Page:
Facebook PixelA Policy that Ensures the Organizations, Corporations Most Responsible for Climate Change Carry the Most Responsibility
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A Policy that Ensures the Organizations, Corporations Most Responsible for Climate Change Carry the Most Responsibility

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Oguntola Tobi
Oguntola Tobi Sep 29, 2021
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A couple of years ago, I watched a Ted talk video by the Prime Minister of Bhutan - at that time - about how the country is carbon negative.

In that same video, he said that even though they add virtually nothing to the carbon generated globally, they still suffer the effects of climate change. For instance, melting glaciers which result in flashfloods and landslides.

Basically, they suffer the repercussions of a problem they do not contribute to.

And while governments and corporations the world over are making massive strides to curb climate change, I believe more should be done. I believe the major culprits should be held to account for their actions.

I will like to see a policy where the major contributors to this problem contribute to a fund that supports the effort of countries like this toward resisting climate change and conserving their environment. This fund should also go toward providing support whenever they experience a problem that is the repercussion of climate change.

Apart from helping drive these efforts forward, I believe such a policy will deter these entities from contributing more to the problem. Furthermore, it will motivate them to seek and transition to more sustainable methods of operation.
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The system for evaluating separate impacts

Povilas S
Povilas S Sep 29, 2021
I very much support the idea. What can be difficult regarding it, though, is how the impact of every separate contributor to climate change would be evaluated. We'd need a separate system dedicated to that and it would have to be standardized worldwide. It would have to be made corruption-free somehow. The big players would sure try to mask the extent of pollution they are responsible for. A separate, unbiased corporation to evaluate all this is necessary. The "unbiased" part is tricky.

One would have to monitor all the pollutants emitted as a result of the activity of a certain company in real-time and then at the end of the month or so calculate what impact to the environment or (if we count only impact to the climate change) global warming those made. The pollutant counting systems would have to be implemented at virtually every business, cause all of them contribute to an extent. This would be complicated to achieve, but nevertheless not impossible.
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Oguntola Tobi
Oguntola Tobi3 years ago
First, I don't think such counting systems should be implemented at every business; that would be an insane amount of work. We might as well tax everybody if that is what we go with. I think companies that pass a certain threshhold should be held to account. If there were a system that made it expensive for them to pollute the environment, I can assure you they will have their R&D departments working at full capacity to find sustainable solutions. I can also assure you those solutions will be ready in little time.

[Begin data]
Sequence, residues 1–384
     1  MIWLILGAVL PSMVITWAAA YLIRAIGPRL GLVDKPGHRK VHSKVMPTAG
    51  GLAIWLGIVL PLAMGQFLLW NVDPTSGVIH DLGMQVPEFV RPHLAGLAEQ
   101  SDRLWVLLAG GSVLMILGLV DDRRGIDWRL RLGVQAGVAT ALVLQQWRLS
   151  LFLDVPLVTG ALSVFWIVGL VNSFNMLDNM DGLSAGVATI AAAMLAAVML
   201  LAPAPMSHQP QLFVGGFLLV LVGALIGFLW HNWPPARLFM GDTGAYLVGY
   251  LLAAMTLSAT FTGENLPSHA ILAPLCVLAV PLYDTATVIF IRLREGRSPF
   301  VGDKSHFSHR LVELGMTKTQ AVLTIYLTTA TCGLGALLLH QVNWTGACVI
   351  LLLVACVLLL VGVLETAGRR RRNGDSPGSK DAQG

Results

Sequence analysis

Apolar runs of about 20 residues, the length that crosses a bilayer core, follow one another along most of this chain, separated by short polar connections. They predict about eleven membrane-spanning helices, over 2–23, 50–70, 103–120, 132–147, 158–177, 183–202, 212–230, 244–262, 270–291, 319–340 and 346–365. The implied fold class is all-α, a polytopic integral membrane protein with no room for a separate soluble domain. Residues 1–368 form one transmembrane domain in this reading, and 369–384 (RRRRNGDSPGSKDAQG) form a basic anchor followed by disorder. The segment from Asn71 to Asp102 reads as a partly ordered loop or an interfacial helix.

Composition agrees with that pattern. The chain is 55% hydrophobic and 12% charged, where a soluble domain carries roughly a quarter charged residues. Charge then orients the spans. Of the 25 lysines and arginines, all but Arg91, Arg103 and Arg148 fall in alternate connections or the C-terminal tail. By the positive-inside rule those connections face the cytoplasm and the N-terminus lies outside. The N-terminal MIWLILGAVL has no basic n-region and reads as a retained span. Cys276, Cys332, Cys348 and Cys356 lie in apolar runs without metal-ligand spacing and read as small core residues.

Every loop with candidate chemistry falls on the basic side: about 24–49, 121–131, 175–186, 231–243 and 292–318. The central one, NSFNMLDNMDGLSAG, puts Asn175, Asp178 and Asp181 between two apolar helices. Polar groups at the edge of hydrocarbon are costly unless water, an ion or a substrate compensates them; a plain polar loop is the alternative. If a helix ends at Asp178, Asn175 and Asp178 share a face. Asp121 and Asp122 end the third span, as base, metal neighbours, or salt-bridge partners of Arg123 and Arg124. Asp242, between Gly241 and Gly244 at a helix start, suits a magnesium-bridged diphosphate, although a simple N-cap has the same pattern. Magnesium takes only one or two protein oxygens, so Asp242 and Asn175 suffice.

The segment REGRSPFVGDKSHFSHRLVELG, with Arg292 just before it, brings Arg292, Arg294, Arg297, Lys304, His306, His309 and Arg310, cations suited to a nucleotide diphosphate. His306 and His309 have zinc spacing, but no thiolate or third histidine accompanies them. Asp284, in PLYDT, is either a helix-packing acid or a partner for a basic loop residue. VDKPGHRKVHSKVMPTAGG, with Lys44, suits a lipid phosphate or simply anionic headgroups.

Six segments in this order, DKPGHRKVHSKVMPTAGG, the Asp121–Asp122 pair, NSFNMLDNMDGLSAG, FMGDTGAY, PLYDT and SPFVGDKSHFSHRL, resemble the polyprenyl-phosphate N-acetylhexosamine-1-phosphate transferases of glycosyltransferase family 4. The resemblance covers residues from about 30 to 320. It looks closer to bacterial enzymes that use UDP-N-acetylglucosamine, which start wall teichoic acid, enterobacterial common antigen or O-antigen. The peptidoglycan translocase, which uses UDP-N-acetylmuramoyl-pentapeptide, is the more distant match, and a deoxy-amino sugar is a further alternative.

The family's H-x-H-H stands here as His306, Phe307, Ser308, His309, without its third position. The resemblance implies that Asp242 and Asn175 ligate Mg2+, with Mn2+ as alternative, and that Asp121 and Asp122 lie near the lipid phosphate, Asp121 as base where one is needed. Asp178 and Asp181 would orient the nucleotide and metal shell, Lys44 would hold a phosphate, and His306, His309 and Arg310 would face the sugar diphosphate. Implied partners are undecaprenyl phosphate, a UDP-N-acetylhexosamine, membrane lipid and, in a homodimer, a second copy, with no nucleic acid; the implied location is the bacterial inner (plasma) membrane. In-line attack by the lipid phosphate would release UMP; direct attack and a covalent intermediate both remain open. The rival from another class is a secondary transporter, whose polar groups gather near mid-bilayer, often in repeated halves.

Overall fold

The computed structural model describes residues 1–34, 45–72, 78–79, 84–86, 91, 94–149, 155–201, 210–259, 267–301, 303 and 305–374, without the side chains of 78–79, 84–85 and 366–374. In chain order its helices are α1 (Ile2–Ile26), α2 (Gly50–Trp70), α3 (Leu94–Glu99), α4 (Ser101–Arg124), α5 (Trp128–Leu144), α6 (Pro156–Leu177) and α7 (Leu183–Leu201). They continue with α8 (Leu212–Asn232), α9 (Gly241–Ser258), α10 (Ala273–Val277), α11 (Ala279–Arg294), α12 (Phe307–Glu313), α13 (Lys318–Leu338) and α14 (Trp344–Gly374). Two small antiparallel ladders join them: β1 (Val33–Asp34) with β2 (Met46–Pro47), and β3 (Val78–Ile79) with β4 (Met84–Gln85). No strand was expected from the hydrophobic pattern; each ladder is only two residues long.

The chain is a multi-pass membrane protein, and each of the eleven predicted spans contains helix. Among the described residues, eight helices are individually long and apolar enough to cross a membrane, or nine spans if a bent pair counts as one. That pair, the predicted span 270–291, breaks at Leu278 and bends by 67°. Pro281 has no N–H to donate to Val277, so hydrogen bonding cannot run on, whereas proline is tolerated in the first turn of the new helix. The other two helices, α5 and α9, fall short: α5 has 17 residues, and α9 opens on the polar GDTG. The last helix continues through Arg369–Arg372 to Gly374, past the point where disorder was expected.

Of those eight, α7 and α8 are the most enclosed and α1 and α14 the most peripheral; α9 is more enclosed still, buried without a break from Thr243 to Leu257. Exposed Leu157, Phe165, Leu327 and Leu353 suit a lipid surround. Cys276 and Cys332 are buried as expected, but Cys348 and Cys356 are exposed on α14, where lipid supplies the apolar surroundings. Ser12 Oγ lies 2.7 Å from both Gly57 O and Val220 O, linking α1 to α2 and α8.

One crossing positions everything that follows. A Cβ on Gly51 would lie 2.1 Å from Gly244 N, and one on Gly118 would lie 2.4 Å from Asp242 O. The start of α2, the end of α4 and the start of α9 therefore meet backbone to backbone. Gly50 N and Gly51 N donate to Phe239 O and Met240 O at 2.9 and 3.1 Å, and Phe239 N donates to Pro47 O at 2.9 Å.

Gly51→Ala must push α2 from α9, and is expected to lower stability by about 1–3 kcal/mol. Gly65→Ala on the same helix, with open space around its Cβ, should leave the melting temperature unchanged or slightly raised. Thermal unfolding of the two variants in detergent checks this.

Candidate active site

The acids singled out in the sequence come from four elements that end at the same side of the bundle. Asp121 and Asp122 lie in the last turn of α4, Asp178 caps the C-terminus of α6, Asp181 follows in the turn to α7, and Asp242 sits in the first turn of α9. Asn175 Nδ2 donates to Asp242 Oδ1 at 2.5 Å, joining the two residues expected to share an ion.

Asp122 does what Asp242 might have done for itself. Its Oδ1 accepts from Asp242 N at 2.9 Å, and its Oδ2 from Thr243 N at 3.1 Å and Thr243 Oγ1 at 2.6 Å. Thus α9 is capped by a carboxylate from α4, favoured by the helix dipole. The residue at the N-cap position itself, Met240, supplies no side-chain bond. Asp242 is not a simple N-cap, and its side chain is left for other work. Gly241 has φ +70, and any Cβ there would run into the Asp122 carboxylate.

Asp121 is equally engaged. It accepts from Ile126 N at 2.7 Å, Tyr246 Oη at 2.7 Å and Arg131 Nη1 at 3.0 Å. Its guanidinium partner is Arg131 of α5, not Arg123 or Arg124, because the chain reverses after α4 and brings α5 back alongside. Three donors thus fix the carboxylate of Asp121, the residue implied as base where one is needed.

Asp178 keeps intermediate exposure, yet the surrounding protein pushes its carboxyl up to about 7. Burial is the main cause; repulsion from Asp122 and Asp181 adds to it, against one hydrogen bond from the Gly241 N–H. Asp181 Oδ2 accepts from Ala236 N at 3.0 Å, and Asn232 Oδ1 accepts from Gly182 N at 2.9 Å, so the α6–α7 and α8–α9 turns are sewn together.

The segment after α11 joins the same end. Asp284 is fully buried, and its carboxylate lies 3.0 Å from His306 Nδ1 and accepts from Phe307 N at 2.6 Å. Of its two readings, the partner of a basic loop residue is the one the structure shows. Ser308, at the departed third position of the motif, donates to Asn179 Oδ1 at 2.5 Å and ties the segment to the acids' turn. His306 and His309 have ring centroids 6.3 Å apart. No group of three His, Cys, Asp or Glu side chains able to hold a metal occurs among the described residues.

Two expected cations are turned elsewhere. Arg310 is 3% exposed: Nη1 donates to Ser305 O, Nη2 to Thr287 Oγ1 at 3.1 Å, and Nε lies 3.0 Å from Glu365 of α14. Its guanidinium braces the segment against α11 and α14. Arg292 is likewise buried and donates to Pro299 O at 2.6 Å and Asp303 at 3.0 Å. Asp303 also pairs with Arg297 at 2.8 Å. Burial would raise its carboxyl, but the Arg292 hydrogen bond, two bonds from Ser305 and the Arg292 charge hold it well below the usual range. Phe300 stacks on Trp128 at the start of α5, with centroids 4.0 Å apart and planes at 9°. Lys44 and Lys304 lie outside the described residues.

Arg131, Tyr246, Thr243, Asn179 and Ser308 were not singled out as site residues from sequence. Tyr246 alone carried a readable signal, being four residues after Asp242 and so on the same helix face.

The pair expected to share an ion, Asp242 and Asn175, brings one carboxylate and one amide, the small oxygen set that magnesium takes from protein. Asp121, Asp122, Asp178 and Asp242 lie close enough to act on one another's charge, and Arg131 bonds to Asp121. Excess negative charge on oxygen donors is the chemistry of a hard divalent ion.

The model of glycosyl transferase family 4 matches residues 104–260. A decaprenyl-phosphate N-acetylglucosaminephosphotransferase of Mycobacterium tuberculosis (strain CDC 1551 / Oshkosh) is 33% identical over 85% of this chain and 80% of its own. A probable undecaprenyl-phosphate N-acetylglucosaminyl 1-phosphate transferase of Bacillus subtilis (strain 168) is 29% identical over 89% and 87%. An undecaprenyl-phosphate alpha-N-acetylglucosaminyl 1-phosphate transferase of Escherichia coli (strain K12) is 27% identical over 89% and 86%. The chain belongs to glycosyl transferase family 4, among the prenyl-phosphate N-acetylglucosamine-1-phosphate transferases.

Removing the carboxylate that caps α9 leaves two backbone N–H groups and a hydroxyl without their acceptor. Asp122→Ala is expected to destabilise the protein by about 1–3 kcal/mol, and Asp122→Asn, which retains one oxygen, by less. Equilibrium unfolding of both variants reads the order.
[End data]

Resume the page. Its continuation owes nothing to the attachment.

I do agree with your concern about monitoring pollutants. However, I don't think real-time monitoring is the answer. I think random samplings which then inform the making of reasonable estimates are more viable. Then, each company can be charged a particular standardized sum based on these estimates. Sort of like a "per metric tonne" thing. To arrive at such an amount, factors like the impact of each "unit" to the environment should be considered.

Finally, everything you say the big corporations will do, they already do. The answer to that is to improve on the accountability systems, which I'm sure will happen as such an effort gains ground. And while some corporations will escape the noose, majority won't. For me, that is enough, especially if it makes them develop more sustainable methods of operation.
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Manel Lladó Santaeularia
Manel Lladó Santaeularia3 years ago
Oguntola Tobi I agree with you, taking care of the biggest responsibles of the pollution would be the most crucial step. Also because when big, popular companies make changes, it leads the way for the smaller ones. I also agree with the fact that sample measurements, maybe divided in different periods of the year, should suffice. I think that's how it's done already nowadays, there are a lot of statistics about contamination from factories and places like that.

The important thing here would be to create an apolitical, science-based organisation, sort of what the World Health Organization should be (and I say should) that has the powers to objectively signal when someone is contaminating too much and charging them with the cost of solving that issue. It would also be important that, when companies actively try to reduce the pollution they cause, there is an economic incentive that can help them in that way. We would all benefit in the end.
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General comments

Shireesh Apte
Shireesh Apte2 years ago
Cap and trade policy is possible for this.
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